After an hour of wild 4×4 Jeepney ride at the desert-like expanse of Crow Valley followed by a three-hour tiring trek at the giant’s foot, we finally reached the aimed summit of Mt. Pinatubo—an active stratovolcano named after a Tagalog word which means reared or nurtured.
Despite the struggles we had, the picturesque crater lake endowed us with inexplicable strength to move around and beheld every facades of the place. While strolling, the eroded sands on the rim of the crater flowing to the lakeshore caught my attention. It reminded me of the degrading mountain ranges in Anawangin Cove at Zambales I visited few years back. As I turned my look down the hypes, I saw troops of people enjoying the serene waters of the lake. Some were swimming, boating, taking pictures, while some were having their picnics.
After capturing the beauty of the place using my new digital camera I purposely bought for seamless adventures, we finally decided to descend a little more near waters. We scouted for a nice spot where we could munch our packed meals with no obstruction of the scenery. Unfortunately, a gentle drizzle came and left us with no choice but to take our lunch at the covered hall even if it was pretty crowded already . Also, it took away our dreams of boating to the other side of the lagoon.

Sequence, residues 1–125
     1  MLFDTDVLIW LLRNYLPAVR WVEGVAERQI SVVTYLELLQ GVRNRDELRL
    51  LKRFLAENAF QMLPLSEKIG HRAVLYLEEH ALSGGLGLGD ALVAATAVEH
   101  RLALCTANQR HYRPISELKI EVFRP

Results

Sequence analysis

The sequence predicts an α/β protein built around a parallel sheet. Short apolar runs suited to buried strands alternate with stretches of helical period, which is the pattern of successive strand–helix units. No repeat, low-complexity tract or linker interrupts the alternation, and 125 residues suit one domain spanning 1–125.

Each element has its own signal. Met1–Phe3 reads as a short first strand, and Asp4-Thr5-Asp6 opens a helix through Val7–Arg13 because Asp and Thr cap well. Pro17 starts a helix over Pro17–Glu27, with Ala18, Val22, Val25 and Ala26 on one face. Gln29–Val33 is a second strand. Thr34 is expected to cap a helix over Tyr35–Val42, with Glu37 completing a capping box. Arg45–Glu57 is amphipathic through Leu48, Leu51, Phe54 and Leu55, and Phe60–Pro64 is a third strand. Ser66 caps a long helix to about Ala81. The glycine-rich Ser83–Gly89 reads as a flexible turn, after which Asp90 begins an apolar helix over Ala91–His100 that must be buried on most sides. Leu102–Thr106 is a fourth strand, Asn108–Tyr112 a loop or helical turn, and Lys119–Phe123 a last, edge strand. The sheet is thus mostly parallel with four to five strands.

Later on, I noticed some signage posted around which prohibit visitors from swimming, warning us that the lake’s depth is unknown. Ironically, a lot of people were drenching on waters while others were even crossing the center of the lake through freestyle swim.
Thinking it would be a once-in-a-lifetime experience, I dragged my friends and leaped high to the cool turquoise lake disturbing its stillness. Floating was somehow easier in the said water, perhaps because of its density, making me feel an Olympian if not a school varsitarian. The water is cold as aggravated by the precipitation, but the assumed sulphuric elements known for its skin smoothening effect propelled the endurance in me to stay under low temperature.
However, the gentle drizzle turned to be a furious rain giving our local tour guides the fear of another tragedy. Hence, we were advised to rush, pack things up and trudge back as fast as we could.
Tranquility surrounded the place when we left Mt. Pinatubo. Who would have thought that the volcano’s last flare-up more than two decades ago, considered the second largest terrestrial eruption worldwide in the 20th century, would give birth to this rugged beauty?